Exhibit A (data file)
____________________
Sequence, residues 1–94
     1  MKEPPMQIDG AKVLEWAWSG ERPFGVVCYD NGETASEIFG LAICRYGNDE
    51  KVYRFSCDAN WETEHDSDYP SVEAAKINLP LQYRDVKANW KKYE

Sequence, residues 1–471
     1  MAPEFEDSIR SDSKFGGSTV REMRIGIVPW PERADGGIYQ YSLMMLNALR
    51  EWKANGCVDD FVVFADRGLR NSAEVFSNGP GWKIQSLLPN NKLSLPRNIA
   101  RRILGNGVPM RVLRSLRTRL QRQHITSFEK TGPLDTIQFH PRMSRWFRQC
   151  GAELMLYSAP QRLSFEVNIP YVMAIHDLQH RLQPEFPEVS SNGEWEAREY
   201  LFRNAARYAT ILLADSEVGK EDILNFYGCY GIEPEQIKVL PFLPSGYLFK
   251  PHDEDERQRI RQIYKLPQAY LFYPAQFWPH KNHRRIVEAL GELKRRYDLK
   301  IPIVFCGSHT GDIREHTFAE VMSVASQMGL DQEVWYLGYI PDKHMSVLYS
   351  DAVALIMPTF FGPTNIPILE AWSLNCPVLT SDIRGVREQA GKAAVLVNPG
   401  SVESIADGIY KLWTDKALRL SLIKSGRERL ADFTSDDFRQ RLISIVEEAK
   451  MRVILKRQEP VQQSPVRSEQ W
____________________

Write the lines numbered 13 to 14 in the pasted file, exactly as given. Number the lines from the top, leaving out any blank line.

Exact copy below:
   401  SVESIADGIY KLWTDKALRL SLIKSGRERL ADFTSDDFRQ RLISIVEEAK
   451  MRVILKRQEP VQQSPVRSEQ W